How David Avidan Became Hebrew’s Most Experimental Poet
A new and important translation aims to introduce readers to David Avidan, the most experimental poet in the history of Hebrew poetry, and a poet unjustly unknown to nearly all English-language readers. Avidan was also a filmmaker, a conceptual artist, and a television and radio host. In all his pursuits, he was obsessed with the future and riveted by the possibilities of technology and translation. Most of all, he was in love with the Hebrew language — its grammar and its system of constructing words — and he could not resist making up many words of his own.
This translation by Tsipi Keller, who brought great passion to the project, which is called “Futureman” — “very simply, I love him,” she told me — admirably preserves Avidan’s made-up words, such as his famous description of himself as an adamila, or “wordman.” The translation is accompanied by an extensive and helpful introduction by scholar Anat Weisman, which explains Avidan’s place in the history of Hebrew poetry, and shows the effect his radicalism had on other Israeli writers.
Weisman quotes the poet Aharon Shabtai, who wrote that Avidan “personified all that was forbidden and deviant.” She explains that Avidan was a poet fascinated by poetry’s relationship with other genres — which Weisman intriguingly describes as “prayer, science, logic, lyrics, film, and television.”
Not surprisingly, with a world-view like that, Avidan definitely did not fit into his own time. Avidan’s birthdate places him squarely in Dor Hamedina — the poets who began publishing after the state of Israel was established in 1948 — but he was not interested in their aesthetic. “Avidan’s poetry was always grandiose,” Weisman writes, “designed to be read resoundingly in the public square, while also cognizant of the fate of poetry to vanish from the square.”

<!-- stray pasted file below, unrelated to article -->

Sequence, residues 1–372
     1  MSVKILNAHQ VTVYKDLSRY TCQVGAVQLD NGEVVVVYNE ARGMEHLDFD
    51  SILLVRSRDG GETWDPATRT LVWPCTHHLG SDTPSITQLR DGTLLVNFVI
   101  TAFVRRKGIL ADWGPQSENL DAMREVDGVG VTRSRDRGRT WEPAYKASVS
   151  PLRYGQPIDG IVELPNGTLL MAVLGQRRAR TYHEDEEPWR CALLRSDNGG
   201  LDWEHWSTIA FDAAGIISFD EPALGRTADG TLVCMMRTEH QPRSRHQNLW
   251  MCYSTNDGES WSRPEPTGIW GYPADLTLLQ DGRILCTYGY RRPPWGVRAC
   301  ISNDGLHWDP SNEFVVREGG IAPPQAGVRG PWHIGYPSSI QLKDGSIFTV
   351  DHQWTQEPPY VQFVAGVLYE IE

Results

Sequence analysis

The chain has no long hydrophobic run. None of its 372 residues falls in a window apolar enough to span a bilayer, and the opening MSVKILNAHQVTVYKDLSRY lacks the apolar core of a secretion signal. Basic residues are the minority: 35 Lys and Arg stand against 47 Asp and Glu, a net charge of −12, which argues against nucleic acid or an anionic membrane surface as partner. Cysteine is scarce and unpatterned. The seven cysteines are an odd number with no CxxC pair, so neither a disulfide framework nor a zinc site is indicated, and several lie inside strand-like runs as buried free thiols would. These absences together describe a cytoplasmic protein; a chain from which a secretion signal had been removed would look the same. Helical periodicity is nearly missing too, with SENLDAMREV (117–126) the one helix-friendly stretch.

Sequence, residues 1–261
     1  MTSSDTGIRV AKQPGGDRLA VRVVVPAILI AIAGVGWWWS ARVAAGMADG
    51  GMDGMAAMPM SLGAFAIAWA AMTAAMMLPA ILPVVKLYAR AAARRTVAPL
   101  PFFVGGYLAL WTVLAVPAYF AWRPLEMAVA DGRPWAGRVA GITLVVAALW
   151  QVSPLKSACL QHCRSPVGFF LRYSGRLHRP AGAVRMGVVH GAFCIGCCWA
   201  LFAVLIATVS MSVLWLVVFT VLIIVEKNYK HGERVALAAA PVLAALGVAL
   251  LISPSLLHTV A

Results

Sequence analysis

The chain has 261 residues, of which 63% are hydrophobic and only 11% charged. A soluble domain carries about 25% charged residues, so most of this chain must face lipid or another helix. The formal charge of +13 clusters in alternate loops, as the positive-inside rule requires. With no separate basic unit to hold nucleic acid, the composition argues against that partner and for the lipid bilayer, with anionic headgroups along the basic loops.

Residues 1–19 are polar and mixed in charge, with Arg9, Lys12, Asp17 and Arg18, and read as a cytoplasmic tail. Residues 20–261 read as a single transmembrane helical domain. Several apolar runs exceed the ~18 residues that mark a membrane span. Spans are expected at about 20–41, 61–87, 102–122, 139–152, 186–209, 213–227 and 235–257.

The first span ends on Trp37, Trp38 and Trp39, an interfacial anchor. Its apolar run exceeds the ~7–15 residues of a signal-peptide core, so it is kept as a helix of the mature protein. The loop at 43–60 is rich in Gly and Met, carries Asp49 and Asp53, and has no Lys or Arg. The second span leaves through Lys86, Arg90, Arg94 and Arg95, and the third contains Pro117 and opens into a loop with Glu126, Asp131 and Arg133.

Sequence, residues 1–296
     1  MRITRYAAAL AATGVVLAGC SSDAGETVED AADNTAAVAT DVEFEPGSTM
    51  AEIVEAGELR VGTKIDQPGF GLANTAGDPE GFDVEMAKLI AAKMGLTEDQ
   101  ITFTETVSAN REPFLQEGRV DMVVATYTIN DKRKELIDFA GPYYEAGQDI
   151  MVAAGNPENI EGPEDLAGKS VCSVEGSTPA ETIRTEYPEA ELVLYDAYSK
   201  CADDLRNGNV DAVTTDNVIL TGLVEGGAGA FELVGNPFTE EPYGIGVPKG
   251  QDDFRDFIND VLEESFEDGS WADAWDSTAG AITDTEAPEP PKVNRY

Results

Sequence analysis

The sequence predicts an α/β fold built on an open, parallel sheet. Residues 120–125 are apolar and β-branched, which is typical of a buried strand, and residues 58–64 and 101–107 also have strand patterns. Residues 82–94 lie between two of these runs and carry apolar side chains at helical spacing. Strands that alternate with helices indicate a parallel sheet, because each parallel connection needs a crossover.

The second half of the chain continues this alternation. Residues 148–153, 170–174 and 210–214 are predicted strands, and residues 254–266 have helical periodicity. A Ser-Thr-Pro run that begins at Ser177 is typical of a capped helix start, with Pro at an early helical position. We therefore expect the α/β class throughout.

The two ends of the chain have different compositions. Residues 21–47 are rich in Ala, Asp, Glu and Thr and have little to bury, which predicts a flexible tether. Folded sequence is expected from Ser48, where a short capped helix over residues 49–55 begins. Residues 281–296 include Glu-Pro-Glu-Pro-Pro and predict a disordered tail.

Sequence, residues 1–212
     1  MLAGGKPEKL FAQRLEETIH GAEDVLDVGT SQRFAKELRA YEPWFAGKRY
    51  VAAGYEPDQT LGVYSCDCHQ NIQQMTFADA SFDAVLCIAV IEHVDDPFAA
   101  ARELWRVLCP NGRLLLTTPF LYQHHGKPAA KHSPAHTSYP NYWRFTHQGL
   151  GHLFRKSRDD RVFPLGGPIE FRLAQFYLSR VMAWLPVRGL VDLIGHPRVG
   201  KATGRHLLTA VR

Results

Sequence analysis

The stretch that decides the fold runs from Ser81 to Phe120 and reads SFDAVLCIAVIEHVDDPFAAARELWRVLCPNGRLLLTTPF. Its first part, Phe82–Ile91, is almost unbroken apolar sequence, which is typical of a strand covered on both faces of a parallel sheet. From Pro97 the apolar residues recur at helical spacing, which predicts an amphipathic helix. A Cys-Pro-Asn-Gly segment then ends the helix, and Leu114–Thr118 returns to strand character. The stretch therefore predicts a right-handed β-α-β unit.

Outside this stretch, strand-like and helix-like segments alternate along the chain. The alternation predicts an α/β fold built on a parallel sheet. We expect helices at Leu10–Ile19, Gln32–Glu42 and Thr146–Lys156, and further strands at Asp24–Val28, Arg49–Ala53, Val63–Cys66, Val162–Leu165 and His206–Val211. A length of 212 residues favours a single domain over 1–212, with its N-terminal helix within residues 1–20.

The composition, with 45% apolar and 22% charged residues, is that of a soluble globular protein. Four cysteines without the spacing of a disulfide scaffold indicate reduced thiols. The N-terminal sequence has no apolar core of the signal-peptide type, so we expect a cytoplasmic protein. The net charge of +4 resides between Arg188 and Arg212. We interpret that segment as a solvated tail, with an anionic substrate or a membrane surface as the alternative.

You can hear the grandiosity, as well as the fear for poetry’s role in history, in Avidan’s wild titles, like “Violation Ticket to the Messiah for Weeping in Public” and “What Did Kurt Waldheim Expect from the Polish Pope?” Keller, who has brought many Israeli poets into English, deserves readers’ gratitude for taking on the major challenge of Avidan. The publisher here is interesting as well: Phoneme Media, a new translation press in Los Angeles that is committed to social activism. If Avidan were alive, he would probably be delighted to be on Phoneme’s extremely cool list, next to a graphic novel about life in Angola prison that was translated from the French. It fits with his international, avant-garde aesthetic.
I spoke with Keller about why Avidan matters — and what translating him was like.
Translators are at heart, very close readers, and I’m curious to hear your personal take on why Avidan is important. Why did you feel compelled to translate Avidan, and why do you believe he matters to Hebrew poetry and world poetry?
I never met Avidan face to face, but I would see him occasionally on the street, after that first time when I was still a schoolgirl, and he was pointed out to me on Dizengoff Street with the words “There goes that crazy poet Avidan.” Tel Aviv in those days was a small city, even provincial, and Avidan stood out. The way he dressed (tight shirts, tight pants), the way he walked (very erect posture, head held high, raven-black long hair), invited jeers such as: Shvitzer (arrogant, showoff), definitely un-Israeli! And yet, in retrospect, he was “cool” long before the word reached Israel, and before it became ubiquitous in the U.S.
He was an original, an individualist, both in his life and his work. Indeed, “individualist” was one of the complaints leveled against Lipless Faucets (1954), Avidan’s first book, which he self-published, founding a press he called “ARD” an acronym that stood for: I Want Print. Looking back, it is astonishing that anyone paid any attention to a self-published book by an unknown twenty-year-old, but the fact is that they did. They couldn’t ignore it. It touched a nerve: The gall! Who does this pisher think he is?